A class act

polling station 2

New research from LSE looked at how one party achieved political mobilisation in an economically deprived area in south England. In an era of low voter turnout and widespread political disillusionment, what lessons can political parties take from the experience of this community?

Democratic participation in Britain is in long-term decline. From a post-war high of 84 per cent at the 1950 general election, voter turnout has fallen to a 63 per cent average in the 21st century.

Segmenting the data by social class reveals where disengagement is most acute; at the 2015 general election, 75 per cent of the top AB social classes voted, compared with only 57 per cent of the lowest DE class.

To try to understand why lower social classes are disengaging from politics, Dr Insa Koch, assistant professor in Law and Anthropology at LSE, lived with social housing estate residents in an area in south-east England where voter turnout is typically lower than the national average.

Between 2009 and 2015, Dr Koch carried out research with residents about how they feel about politics to understand why so many of them believe that elected representatives are not doing their job properly.

Dr Koch found that the residents viewed politicians as distant, with many citizens not voting or discussing politics in any way. She says: “Many of the people I lived with on the estate didn’t believe in elections or relate to politics at all. For them, the politics that happens in Westminster is removed from their daily struggles for better housing, safe neighbourhoods and adequate employment.”

Dr Koch says: “But voter apathy is not inevitable, I found that local residents were happy to lend their votes to locally-based politicians who have proven themselves to be different.”

She adds: “Where politicians manage to bridge the gap between the world of politics and daily life on the housing estate, electoral support can be mobilised. Politicians can do so by practising a 'bread and butter' politics: a politics that addresses the daily struggles that people face.”

Dr Koch found examples of this happening on a local level: a local independent political party she calls the Free Worker’s Party (FWP), had managed to mobilise electoral support in the 2000s.

Through a combination of highly personalised, grassroots campaigning, and a focus on delivering material improvements in the area and ensuring security, the FWP won four seats in the Labour-dominated city council in 2005, significantly increasing voter turnout in the area.

Dr Koch says: “The FWP’s success was down to its personal campaigning. Party members were local people with ties to the community. They made efforts to address local people’s material and social needs, including a very visible campaign against local drug dealers. The people saw the changes with their own eyes and felt that the party was listening to them.”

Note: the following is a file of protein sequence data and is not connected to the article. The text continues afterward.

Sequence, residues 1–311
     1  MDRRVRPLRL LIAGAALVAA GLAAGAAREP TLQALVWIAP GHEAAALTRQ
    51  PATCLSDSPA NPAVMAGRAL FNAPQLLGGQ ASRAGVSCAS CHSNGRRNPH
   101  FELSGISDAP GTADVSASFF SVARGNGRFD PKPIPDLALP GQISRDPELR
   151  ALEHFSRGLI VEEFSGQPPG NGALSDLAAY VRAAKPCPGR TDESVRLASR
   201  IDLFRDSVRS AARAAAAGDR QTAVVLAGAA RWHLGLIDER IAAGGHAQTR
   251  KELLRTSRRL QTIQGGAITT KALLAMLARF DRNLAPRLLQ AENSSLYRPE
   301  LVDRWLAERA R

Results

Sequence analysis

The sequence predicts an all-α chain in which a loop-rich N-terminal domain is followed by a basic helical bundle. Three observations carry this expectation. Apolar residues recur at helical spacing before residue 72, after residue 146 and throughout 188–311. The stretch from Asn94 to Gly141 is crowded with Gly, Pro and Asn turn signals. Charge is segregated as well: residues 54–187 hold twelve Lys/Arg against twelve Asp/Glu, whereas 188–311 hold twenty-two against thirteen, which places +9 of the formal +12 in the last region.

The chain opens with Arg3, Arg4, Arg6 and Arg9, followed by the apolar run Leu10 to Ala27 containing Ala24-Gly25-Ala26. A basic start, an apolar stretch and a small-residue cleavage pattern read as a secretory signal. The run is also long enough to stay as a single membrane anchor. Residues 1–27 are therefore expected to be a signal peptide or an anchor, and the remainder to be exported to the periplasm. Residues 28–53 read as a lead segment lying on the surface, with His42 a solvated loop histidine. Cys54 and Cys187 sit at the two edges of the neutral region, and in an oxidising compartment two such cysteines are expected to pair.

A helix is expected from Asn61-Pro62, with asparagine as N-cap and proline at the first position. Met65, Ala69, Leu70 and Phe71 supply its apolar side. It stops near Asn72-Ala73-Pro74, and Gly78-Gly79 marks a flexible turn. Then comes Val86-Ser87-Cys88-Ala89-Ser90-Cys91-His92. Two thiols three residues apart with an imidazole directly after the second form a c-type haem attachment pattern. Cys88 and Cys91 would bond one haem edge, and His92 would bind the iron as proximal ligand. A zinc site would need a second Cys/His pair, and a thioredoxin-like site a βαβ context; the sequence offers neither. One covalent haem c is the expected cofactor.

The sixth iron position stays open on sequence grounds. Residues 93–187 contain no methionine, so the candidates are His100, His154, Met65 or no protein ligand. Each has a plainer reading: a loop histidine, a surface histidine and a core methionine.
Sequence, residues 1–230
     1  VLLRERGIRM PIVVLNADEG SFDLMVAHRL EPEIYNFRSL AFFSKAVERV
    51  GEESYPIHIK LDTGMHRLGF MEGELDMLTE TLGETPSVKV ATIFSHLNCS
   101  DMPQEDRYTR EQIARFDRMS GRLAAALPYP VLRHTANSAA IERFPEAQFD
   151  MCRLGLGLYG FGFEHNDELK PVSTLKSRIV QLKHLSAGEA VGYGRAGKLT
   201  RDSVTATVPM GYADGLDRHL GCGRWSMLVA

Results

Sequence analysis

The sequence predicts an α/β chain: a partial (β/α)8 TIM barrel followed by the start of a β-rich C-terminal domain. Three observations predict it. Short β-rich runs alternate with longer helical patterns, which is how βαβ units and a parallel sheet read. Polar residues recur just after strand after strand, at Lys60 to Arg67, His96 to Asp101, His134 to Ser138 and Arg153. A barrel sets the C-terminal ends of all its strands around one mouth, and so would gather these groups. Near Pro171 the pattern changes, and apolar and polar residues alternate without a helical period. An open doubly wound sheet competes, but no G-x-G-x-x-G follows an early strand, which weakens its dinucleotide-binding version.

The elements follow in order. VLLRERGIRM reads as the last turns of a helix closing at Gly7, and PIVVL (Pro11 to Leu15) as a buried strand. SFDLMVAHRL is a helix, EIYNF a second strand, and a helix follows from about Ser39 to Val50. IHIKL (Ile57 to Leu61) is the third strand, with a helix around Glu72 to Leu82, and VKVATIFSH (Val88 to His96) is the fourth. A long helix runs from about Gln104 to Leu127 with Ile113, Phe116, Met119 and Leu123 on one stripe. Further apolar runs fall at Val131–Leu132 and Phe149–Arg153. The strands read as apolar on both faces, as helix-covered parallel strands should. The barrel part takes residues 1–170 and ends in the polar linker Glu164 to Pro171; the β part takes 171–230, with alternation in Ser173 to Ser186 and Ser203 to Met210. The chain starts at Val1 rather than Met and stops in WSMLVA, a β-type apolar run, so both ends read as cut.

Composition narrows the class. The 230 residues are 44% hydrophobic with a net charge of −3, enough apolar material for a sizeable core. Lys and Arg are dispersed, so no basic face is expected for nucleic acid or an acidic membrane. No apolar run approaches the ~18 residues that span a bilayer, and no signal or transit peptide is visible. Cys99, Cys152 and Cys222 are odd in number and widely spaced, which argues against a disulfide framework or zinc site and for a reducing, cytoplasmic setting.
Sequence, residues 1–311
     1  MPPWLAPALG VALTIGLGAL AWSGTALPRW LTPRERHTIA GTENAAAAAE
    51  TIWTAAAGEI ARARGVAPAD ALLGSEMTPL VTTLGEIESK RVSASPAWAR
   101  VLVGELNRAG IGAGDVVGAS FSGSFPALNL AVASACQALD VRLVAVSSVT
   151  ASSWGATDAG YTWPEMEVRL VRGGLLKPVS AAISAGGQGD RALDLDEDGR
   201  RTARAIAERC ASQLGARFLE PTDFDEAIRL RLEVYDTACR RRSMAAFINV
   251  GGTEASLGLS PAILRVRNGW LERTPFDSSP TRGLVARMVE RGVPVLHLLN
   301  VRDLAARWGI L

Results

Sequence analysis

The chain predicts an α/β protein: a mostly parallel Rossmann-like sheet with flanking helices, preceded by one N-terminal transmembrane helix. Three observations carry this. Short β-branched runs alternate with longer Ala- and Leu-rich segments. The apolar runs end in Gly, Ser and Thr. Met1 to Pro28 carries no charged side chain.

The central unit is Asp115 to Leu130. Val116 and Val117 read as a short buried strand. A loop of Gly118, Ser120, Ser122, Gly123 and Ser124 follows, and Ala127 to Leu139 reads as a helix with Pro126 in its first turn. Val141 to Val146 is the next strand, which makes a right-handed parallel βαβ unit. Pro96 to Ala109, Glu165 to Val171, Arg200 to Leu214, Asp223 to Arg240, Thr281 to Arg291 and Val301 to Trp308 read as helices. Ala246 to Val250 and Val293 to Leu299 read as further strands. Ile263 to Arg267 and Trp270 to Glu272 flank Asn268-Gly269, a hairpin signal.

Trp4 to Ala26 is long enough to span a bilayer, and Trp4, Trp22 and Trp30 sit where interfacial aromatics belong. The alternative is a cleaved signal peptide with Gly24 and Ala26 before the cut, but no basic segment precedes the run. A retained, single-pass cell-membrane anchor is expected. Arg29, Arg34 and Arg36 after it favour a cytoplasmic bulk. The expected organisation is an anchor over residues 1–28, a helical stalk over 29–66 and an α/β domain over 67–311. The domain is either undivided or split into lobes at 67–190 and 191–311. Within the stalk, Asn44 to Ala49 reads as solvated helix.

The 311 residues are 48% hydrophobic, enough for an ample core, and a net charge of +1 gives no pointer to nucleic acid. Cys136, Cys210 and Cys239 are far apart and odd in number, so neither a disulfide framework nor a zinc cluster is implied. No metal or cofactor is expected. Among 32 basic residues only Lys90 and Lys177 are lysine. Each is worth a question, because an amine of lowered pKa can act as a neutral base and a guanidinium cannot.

But, in the case of the FWP, bread and butter politics did not translate into a sustained platform for collective action. In 2012, ten years after the FWP had first been voted into the local council, the party had lost all of its seats.

Dr Koch says: “Insurgent parties such as the FWP often face difficulties in maintaining local presence. They have limited resources and struggle to respond to problems that are born from long-term neglect.”

Because bread and butter politics is about addressing daily and basic needs in poor communities, it can be dismissed as parochial or too localised. The problem with this language is that it further discredits the people whose voices are rarely heard.”

Residents in many of England’s housing estates have been let down by decades of pro-market and austerity policies that have undermined their livelihoods and impacted upon their families and communities. Many feel betrayed by the Labour party for failing to help them.” Dr Koch adds.

What are the lessons that political parties can take from the experience of the FWP? Dr Koch says: “The value of any politician is measured by their efforts on the ground. Politicians need to understand that politics is not just about election time, but about what comes before and after.”

More generally, mechanisms need to be in place that translate bread and butter politics into necessary and legitimate policy goals.”

Voter apathy is not an inevitable outcome. Parties will have to try hard to build these bridges, but local experiments with democracy show that it is possible.”

Posted May 2016

Additional notes

Dr Insa Koch is assistant professor in Law and Anthropology at LSE Law. Prior to joining the Law department, Insa trained as both a lawyer and an anthropologist at the LSE and completed a DPhil at the University of Oxford. Insa is interested to bring anthropology into dialogue with criminology, legal theory and socio-legal studies.

'Bread-and-butter politics: Democratic disenchantment and everyday politics on an English council estate' was published in American Ethnologist in April 2016.

Image: Polling station 6 may 2010 CC BY-SA 2.0